• The range of income distribution: This definition looks at the middle class as a fixed population broken down into several segments, like “lower-income middle class” and “upper-income middle class.”
  • Distance from the poverty line: This approach uses the federal poverty line as a benchmark to decide who is middle class. The minimum taxable income used is about 150% of the federal poverty level.
  • Purchasing power: This definition uses a household’s purchasing power to determine whether they fall into the middle-class category. According to the Brookings Institute, economists break this down into amounts of dollars per family member, per day.
  • Wealth and consumption: The final income-based approach looks at a household’s economic stability in the event they experience some sort of financial turbulence. Access to cash assets, such as stocks, retirement, property, and bank accounts would be considered in this definition.


When evaluating the middle class in terms of credentials, the Brookings Institute says occupation and education are the primary variables considered.

  • Occupation: What a person does for work and how much they earn is another characteristic used to define the middle class. The primary problem with this definition is that occupation applies to individuals and class is typically assessed on a household basis. 
  • Education: Level of education is another way economists look at the middle class. The issue with this definition is that over time, the value of higher education degrees has changed and continues to do so.


In addition to tangible data, like occupation and income, the Brookings Institute says class can also be evaluated in a more conceptual context. Because culture itself can be defined in so many ways, there are four categories that are used to define the middle class in a cultural lens:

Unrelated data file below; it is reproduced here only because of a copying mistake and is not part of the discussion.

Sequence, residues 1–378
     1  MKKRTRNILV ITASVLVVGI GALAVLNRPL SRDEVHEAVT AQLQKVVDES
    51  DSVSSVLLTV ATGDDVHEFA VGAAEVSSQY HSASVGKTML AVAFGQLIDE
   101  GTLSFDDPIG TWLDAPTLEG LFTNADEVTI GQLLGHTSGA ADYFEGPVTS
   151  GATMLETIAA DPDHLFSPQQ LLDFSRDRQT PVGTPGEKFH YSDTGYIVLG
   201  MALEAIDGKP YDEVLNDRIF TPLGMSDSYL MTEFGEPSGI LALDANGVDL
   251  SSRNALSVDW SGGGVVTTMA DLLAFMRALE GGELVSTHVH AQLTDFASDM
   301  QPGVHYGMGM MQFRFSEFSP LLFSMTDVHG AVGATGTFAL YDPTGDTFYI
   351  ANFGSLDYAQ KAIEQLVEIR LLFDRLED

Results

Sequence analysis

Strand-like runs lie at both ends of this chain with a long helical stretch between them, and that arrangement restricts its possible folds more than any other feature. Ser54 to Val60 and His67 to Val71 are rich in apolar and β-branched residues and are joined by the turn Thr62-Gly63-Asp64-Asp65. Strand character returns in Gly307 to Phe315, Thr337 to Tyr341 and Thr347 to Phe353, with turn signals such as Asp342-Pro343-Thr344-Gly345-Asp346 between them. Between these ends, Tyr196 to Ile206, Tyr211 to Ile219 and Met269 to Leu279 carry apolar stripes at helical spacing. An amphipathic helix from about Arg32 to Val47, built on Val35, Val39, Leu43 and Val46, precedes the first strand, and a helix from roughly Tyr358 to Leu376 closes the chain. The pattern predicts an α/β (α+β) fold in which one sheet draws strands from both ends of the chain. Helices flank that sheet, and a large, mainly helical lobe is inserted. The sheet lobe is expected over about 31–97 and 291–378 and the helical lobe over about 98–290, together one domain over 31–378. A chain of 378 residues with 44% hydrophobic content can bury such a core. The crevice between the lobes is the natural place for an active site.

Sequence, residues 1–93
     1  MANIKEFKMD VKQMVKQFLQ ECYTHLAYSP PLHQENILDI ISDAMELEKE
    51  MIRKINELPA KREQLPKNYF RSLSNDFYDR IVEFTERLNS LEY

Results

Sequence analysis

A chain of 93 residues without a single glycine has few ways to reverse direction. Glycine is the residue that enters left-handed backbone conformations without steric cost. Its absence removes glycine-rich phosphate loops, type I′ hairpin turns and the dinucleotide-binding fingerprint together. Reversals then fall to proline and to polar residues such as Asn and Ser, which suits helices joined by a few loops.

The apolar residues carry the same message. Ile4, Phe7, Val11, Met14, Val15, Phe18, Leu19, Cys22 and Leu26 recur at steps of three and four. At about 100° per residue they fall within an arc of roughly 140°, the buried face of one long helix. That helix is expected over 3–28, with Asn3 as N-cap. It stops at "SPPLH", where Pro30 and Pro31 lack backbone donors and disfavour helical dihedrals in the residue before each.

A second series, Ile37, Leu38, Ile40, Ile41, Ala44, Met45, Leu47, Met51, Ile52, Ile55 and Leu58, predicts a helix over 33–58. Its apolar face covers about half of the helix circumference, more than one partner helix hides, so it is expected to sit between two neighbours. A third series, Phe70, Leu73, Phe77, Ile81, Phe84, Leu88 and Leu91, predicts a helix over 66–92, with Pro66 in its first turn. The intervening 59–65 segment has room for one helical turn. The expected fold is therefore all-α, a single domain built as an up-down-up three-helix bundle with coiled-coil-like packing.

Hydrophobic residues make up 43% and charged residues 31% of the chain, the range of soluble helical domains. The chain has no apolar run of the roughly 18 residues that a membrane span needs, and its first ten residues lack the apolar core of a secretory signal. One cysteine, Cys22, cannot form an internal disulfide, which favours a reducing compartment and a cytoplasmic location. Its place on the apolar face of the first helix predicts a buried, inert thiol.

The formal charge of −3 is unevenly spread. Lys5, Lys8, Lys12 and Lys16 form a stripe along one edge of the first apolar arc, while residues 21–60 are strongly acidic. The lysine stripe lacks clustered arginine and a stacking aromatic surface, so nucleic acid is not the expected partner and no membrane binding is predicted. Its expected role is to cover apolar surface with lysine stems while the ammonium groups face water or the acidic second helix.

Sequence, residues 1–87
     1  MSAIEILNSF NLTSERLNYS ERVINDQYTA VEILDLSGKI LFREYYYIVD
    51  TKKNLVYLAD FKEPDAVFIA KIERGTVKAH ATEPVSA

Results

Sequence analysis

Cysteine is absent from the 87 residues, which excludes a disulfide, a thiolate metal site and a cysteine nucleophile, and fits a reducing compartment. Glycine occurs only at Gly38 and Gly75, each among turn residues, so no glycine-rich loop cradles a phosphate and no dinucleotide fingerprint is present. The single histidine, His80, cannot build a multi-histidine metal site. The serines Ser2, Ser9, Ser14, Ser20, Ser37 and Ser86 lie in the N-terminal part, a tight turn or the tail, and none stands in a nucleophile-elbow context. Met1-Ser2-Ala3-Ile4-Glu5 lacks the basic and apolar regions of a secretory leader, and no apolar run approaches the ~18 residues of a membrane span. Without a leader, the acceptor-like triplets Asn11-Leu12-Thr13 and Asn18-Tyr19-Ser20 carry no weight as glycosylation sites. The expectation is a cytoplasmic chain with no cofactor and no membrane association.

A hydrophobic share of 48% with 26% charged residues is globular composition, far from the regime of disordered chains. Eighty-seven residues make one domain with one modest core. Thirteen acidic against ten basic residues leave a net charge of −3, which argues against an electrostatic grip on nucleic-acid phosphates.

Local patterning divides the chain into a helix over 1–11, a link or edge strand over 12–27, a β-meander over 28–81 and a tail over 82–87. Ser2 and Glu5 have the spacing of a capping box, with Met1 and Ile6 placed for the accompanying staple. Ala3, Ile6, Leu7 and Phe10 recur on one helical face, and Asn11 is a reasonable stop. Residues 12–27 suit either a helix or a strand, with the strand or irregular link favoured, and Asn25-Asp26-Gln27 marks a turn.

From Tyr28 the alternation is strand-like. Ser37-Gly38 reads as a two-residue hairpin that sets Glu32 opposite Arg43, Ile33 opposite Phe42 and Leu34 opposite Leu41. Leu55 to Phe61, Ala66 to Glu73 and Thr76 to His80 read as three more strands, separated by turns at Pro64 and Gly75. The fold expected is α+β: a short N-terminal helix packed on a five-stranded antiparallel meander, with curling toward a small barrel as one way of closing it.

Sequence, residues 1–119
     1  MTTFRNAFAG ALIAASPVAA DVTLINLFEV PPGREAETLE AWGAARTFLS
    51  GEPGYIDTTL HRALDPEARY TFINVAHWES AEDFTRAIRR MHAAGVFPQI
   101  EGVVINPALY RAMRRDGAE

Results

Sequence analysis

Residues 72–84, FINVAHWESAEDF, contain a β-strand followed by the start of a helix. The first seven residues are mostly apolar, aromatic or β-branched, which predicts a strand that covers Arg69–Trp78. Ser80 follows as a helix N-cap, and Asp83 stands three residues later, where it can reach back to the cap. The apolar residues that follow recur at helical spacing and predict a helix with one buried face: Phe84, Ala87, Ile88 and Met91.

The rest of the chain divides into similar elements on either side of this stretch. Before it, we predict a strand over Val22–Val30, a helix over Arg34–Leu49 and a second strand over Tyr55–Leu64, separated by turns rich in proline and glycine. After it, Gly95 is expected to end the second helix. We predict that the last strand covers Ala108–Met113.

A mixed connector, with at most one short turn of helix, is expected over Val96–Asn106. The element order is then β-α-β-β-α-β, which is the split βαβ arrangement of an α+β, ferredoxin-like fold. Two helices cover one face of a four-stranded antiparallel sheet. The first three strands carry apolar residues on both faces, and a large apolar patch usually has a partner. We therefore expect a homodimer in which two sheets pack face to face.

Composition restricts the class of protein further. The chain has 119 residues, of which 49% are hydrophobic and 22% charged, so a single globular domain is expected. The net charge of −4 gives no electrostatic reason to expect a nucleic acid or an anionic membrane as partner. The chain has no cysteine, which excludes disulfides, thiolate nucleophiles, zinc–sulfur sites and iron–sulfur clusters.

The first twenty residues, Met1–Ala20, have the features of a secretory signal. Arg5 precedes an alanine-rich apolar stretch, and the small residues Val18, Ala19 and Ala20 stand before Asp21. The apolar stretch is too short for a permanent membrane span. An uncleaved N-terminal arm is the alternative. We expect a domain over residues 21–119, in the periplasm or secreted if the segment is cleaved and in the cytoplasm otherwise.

• Aspirations: In this approach, the middle class is defined by their goals and attitude. According to this idea, goals such as owning a home, affording college for their children, owning at least one vehicle per adult, having adequate healthcare, and taking an annual vacation are all examples of middle-class goals.
  • Self-perception: This definition relies on an individual’s own perception of the middle class. The self-perception approach can be evaluated by conducting surveys.
  • Cultural norms, preferences, and taste: Considering how an individual lives their day to day life is another way of looking at the middle class. According to the Brookings Institute publication, this definition is used in the UK where scholars consider an individual’s engagement in “highbrow” vs. “emerging” cultural activities. 
  • Class and race: Lastly, the middle class can be looked at through the lens of class and race. Because of the historically racist economic and social structures in the United States, the middle class has been and continues to be mostly made up of white Americans. According to the Brookings Institute and supporting surveys, black Americans are less likely to perceive themselves as part of the middle class, even if they belong to the same income brackets as other middle-class households — though this is starting to change.